Indrajit Lankesh’s direction is weak. To give credit where it is due, the director makes sure that no one is reminded of the Dirty Picture despite both the films being on the same lines. And apart from that, Silk Smitha, the protagonist of that film, also has a part in Shakeela. However, DIRTY was PICTURE’s class, even though it was all about a sexy siren. On the other hand, Shakeela seems to be another soft porn film which Shakeela did in the early days of her career. Curiously, the film exposes the double standards of society but the focus on body shots and titillation goes against the message of the film. Till the first half, the film was still bearable. It gets weird in the second half. The audience is suddenly told that it is all Shakeela’s best friend Suhana (Ester Noronha), her body double. However, the makers decided not to show their friendship for an entire hour. Shakeela’s bonding with her mother was a very good track but it is treated superficially. In fact, his family is forgotten for much of the film. Shakeela’s epic dialogue in the climax comes very late in the day. The text that informs the audience about Shakeela’s current status at the end is shocking. Instead of praising the makers, they get angry as the audience will realize that it was such a good story but has now gone down the drain due to poor handling.
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Shakeela’s opening visuals indicate that this is going to be a substandard product. Shakeela’s childhood part seems lovely. The scene where school children are made to act as Draupadi’s scene cheer haran Difficult to digest in school games. The film gets a little better as Shakeela reaches the pinnacle of success. However, the film never really goes that high. After the interval, as random and surprising sequences pop up, the film goes downhill. Shakeela’s struggle to make a ‘clean’ film should have been a gripping plot, but the focus is largely staggered. The ending, though shocking, fails to make an impact.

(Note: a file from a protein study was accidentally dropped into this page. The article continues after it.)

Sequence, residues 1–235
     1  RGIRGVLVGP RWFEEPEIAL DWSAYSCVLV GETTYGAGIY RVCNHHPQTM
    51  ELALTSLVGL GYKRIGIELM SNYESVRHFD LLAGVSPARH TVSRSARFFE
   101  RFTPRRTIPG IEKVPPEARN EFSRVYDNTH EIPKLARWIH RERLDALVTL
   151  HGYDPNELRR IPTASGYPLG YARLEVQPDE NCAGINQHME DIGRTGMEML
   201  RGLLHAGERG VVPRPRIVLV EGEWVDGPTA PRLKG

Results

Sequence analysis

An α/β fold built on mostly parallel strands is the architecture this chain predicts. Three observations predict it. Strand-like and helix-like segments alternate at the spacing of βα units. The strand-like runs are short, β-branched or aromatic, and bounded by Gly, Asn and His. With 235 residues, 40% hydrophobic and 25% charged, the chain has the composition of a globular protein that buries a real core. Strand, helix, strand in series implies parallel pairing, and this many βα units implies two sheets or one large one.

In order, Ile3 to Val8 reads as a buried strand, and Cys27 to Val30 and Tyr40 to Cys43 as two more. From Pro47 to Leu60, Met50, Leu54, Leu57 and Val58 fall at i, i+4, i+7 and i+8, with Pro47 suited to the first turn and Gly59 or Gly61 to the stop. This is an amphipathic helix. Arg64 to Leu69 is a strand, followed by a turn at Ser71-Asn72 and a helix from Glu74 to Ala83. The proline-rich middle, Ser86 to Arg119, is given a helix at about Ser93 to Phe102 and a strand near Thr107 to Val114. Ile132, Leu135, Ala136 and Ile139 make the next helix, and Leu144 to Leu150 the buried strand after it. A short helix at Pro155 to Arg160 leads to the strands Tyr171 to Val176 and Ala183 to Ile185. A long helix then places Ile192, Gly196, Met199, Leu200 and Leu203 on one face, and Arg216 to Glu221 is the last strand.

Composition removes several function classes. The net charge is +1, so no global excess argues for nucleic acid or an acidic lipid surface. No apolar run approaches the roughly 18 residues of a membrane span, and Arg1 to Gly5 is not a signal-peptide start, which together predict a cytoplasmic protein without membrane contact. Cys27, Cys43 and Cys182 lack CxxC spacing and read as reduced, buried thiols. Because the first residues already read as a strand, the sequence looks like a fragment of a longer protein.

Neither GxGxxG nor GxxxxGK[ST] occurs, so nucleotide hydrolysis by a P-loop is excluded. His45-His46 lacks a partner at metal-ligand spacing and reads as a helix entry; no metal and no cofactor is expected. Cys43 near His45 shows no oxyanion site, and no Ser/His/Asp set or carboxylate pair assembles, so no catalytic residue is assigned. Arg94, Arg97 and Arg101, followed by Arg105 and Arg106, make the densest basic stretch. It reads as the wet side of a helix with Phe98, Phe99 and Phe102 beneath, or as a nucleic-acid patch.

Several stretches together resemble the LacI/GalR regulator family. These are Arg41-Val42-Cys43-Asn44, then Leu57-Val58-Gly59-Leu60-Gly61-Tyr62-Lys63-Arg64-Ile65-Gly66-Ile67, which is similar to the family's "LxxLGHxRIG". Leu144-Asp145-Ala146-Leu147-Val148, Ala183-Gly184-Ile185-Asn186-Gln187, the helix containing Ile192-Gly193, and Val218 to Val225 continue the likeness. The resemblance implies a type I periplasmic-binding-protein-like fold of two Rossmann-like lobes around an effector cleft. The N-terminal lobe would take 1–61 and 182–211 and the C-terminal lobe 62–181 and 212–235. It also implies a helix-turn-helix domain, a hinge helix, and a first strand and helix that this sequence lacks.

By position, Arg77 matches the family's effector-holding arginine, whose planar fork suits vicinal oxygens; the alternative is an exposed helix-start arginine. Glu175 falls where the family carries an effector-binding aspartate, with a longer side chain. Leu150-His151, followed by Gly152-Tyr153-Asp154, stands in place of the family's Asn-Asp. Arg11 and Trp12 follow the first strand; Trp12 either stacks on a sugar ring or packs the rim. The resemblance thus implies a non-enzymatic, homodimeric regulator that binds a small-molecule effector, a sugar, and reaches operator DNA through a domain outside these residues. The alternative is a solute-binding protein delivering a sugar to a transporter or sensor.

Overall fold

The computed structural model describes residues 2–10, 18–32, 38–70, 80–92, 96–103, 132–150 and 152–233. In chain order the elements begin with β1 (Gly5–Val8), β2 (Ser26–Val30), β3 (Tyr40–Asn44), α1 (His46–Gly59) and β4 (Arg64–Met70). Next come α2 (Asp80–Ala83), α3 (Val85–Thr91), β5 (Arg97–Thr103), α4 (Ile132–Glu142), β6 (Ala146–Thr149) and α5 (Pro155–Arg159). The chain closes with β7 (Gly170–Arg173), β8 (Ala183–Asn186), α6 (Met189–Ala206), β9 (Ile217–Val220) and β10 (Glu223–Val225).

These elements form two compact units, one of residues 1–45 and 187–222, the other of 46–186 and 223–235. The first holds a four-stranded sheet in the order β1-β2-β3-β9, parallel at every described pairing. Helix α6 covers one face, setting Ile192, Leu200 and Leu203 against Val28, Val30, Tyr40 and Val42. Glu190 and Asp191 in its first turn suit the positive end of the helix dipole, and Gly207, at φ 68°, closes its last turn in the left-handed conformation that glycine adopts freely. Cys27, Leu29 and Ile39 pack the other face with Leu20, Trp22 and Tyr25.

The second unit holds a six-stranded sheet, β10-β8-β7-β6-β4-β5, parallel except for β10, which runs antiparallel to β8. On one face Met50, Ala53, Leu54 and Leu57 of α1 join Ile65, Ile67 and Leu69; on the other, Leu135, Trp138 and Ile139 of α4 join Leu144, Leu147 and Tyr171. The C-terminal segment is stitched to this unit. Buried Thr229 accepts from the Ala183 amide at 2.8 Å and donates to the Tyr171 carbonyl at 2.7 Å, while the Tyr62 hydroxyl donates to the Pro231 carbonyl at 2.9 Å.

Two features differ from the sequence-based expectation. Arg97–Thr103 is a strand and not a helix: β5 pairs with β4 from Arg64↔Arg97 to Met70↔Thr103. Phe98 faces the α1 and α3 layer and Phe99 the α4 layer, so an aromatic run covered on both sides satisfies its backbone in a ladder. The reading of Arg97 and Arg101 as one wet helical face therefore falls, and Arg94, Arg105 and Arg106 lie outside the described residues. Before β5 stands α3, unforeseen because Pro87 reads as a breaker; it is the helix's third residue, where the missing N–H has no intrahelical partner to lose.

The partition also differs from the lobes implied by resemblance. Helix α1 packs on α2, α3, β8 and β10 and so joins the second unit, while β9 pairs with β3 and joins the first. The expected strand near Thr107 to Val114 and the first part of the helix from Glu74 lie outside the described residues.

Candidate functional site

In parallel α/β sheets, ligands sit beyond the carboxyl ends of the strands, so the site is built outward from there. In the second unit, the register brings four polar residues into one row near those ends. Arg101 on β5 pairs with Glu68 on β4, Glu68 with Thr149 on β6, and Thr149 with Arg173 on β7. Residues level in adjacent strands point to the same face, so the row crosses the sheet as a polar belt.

Richa Chadha is decent but her performance leaves a lot to be desired. She tries her best but the end result is not satisfactory. Kajol Chugh who plays the young Shakeela is much better and makes a mark. Pankaj Tripathi is fine as a cocky superstar. Some of the best scenes in the movie are when a fight master helps him with cheat shots while shooting for action sequences. These scenes had nothing to do with the main plot but made the film a bit more engaging. Esther Noronha’s presence is good but is disappointed by the poor dialogues. Rajeev Pillai (Arjun) All right. Vivek Madan and Sandeep Malani (Director Swami Sir) are fine. The cast that plays Sheeva Rana (Silk) and Shakeela’s mother, actress Bhavna Menon, writer Ahmed Ali, Danny Fight Master and Thomas the Financier are nothing great.
Music has no qualms, although a movie should have had a nice, retro soundtrack. ‘Tera Ishq Satve’, played in the opening credits, is forgettable. Randomly placing intimate scenes feels coercive. Till here ‘Taaza’ Not memorable and the same goes for a romantic track. Veer Samarth’s background score is slightly better.
Santosh Rai’s cinematography is prevalent. Focusing on body shots for the titration could have been avoided. The production design gives no reason to complain. Ballu Saluja’s editing in the second half is random.
Overall, Shakeela is based on a very good and shocking story but it is executed badly. It has released in theaters without any buzz and hence, it will sink without any trace.